OXFORD, NETRALNEWS.COM - Scientists say it's Tetris's immersive simplicity that makes it a potentially powerful therapeutic tool. Prof Emily Holmes, an expert in psychology at the University of Karolinska, has spent many years exploring the game's medical merits.
Tetris is a relatively basic yet compelling video game. The aim is to line up falling blocks so they fit together in horizontal rows. When a perfect line with no gaps is made, it will vanish, making room for more play and point-scoring.
Such is its pull, some people say that after playing the game they see falling blocks in their thoughts and dreams - a phenomenon dubbed the Tetris effect.
Prof Holmes has just published a study that shows Tetris therapy may lessen the psychological impact of traumatic events.
Her team at the University of Oxford gave Tetris therapy to patients admitted to a large UK hospital emergency department in a state of shock following road traffic accidents.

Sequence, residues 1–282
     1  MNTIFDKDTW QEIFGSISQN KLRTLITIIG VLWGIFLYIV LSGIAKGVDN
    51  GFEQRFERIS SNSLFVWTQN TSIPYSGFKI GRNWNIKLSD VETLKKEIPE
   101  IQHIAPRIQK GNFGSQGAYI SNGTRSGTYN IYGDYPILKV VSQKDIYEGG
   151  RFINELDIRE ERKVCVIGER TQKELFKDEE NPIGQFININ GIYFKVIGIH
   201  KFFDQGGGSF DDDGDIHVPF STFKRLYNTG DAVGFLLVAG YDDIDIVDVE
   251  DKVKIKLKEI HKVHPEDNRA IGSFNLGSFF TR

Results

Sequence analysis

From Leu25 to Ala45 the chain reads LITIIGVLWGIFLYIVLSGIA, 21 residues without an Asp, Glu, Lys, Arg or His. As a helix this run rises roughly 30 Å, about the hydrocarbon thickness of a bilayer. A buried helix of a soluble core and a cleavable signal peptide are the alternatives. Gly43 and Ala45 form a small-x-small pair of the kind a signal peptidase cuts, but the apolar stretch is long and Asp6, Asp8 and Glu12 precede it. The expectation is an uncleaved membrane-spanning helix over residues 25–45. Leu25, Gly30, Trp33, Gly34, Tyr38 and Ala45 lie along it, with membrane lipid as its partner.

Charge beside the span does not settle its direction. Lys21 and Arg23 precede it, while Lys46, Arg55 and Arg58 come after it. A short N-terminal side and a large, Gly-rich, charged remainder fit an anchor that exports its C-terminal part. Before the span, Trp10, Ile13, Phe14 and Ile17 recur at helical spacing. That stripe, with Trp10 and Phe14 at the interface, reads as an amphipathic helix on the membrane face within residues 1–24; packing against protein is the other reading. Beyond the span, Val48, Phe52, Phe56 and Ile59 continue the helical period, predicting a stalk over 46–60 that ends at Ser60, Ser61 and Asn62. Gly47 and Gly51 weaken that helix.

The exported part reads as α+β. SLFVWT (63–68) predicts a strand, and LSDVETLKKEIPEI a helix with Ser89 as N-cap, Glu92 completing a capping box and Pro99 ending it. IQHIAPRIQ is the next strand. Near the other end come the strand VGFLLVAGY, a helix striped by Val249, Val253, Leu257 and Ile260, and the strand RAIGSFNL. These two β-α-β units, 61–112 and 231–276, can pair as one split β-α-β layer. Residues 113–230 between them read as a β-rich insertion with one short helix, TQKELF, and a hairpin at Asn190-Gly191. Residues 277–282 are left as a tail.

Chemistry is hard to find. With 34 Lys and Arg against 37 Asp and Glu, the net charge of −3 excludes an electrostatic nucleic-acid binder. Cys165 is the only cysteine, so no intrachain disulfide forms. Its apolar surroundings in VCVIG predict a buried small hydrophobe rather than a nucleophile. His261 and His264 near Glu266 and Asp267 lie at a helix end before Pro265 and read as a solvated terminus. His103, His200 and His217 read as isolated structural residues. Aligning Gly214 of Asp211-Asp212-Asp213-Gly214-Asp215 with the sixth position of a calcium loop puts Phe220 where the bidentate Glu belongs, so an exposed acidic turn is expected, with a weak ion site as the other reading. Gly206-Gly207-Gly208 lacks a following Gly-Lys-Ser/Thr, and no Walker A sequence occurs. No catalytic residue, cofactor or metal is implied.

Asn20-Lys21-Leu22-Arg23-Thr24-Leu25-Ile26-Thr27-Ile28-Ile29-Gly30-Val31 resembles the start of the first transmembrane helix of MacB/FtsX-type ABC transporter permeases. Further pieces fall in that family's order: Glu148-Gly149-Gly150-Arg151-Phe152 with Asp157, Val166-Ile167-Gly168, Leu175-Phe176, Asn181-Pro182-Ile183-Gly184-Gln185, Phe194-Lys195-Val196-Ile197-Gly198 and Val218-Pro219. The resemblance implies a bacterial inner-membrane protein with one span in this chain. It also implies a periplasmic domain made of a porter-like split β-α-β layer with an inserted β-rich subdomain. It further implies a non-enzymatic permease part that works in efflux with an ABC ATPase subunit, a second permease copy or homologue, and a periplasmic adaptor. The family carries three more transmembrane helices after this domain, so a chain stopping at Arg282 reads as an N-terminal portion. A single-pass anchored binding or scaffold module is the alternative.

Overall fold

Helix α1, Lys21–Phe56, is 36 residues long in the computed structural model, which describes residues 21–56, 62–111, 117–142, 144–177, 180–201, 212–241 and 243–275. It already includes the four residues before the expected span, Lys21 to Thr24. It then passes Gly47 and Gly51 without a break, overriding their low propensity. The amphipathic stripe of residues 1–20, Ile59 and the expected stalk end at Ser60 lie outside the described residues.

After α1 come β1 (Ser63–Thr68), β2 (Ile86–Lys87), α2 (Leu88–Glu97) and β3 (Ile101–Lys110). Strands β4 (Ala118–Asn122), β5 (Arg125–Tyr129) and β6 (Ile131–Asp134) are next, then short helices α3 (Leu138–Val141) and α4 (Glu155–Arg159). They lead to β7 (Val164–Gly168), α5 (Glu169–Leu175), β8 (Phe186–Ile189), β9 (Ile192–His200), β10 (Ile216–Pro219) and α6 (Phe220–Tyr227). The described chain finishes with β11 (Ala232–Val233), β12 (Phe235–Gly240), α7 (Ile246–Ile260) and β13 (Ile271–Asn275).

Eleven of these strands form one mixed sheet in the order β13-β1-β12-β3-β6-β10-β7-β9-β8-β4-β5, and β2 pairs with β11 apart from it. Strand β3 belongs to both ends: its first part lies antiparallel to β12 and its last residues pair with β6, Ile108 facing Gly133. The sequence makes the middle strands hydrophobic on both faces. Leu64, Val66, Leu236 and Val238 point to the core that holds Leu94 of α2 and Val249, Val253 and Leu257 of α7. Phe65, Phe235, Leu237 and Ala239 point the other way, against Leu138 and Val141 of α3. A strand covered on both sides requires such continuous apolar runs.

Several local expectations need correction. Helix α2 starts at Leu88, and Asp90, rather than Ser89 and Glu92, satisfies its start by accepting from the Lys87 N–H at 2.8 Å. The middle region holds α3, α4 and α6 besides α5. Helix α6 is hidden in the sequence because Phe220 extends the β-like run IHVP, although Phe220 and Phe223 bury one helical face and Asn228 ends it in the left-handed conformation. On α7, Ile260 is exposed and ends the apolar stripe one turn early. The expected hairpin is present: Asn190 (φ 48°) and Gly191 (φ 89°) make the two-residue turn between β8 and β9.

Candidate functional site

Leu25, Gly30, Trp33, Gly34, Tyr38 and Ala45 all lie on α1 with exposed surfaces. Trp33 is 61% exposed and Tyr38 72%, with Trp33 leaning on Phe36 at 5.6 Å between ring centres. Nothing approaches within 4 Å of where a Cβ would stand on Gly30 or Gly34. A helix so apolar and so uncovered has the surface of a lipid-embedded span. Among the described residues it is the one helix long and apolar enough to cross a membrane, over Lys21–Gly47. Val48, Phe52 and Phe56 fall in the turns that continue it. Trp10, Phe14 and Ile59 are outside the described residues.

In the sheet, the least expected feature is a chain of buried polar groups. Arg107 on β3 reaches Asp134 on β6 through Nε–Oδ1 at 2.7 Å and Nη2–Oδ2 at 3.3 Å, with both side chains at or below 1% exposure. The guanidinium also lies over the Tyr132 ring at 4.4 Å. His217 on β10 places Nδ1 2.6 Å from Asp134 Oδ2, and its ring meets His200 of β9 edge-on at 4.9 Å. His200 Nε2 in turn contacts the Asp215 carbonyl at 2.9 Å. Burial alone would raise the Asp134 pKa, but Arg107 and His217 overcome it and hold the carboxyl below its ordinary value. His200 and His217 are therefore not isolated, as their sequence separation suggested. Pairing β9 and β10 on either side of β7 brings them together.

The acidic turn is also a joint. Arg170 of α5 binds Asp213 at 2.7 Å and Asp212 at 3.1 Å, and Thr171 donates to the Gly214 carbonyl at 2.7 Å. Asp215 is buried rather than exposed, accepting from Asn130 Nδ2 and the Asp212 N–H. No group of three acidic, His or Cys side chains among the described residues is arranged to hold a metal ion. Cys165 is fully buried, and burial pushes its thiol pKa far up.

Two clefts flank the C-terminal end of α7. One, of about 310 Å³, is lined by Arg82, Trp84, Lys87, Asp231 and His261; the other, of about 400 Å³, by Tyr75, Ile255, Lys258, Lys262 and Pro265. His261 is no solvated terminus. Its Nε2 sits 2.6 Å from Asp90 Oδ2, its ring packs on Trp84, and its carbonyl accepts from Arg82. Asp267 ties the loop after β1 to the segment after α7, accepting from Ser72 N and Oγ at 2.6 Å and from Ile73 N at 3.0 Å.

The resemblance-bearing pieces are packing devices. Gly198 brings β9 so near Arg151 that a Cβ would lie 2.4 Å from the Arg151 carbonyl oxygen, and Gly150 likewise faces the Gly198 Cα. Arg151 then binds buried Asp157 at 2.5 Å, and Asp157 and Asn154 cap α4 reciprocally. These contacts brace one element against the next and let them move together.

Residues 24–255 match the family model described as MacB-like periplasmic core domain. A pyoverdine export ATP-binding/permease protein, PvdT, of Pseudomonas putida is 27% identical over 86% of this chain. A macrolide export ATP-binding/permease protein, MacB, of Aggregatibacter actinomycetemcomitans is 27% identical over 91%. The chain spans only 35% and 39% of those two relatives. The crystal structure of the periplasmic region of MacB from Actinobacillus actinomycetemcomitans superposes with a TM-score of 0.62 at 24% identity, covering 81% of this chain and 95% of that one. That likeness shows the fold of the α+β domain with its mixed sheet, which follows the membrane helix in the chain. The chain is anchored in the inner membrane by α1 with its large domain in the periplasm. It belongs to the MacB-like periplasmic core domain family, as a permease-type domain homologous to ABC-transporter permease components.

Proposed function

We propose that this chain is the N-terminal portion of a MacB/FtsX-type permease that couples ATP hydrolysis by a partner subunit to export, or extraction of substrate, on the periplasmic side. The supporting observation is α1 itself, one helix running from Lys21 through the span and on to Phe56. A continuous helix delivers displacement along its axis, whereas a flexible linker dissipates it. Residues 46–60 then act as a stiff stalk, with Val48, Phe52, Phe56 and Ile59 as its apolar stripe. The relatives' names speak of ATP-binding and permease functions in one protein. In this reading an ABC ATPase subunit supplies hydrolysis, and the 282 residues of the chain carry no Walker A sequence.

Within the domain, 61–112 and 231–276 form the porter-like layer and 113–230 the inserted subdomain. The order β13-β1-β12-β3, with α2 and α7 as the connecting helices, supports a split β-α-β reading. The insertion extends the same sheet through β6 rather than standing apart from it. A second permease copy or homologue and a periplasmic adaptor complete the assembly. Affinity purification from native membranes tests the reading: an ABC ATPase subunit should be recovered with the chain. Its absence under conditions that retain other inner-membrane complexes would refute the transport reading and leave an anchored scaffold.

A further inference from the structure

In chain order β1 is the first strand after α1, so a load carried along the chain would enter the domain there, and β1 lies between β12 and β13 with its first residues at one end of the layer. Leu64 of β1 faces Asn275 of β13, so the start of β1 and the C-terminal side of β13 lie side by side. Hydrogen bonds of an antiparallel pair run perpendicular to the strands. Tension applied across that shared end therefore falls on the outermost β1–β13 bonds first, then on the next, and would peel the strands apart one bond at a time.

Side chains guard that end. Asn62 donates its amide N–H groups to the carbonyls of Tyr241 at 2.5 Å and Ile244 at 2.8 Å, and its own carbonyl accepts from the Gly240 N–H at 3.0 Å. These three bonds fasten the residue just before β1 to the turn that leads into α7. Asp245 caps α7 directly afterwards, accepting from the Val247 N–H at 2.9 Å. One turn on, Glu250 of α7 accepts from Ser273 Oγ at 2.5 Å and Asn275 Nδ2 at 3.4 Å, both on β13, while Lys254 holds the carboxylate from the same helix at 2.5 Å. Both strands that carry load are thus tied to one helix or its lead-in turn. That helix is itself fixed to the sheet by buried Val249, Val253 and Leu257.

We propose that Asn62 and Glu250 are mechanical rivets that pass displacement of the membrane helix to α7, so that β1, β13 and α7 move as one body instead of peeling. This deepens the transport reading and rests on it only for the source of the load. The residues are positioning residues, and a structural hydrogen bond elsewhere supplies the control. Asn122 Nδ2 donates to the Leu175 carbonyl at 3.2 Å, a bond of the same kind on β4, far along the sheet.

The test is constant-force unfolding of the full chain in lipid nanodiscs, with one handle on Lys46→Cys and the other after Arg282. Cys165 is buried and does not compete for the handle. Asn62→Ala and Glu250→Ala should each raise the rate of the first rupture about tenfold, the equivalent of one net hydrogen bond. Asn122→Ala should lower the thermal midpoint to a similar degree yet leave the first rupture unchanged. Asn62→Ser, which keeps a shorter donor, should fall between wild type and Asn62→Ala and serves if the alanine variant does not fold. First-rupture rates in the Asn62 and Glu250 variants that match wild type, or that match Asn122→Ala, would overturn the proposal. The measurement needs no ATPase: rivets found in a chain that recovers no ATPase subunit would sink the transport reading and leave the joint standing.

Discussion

The patients were asked to visualise the crash they had just encountered and then begin playing Tetris on a Nintendo console.
Twenty minutes of game play appeared to be enough of a distraction to stop disturbing memories of the accident being formed.
Prof Holmes explains: "Our findings suggest that if you engage in very visually demanding tasks soon after a trauma, this can help block or disrupt the memory being stored in an overly vivid way."
She says there is roughly a six-hour window of opportunity after a traumatic event to intervene.
In the study, the group of patients who had the Tetris therapy were far less likely to experience troublesome flashbacks of their accident than those who did not receive this intervention.
She says bigger studies are now needed - hers involved 71 volunteers. If those prove beneficial, it could be a treatment that other hospitals start to use.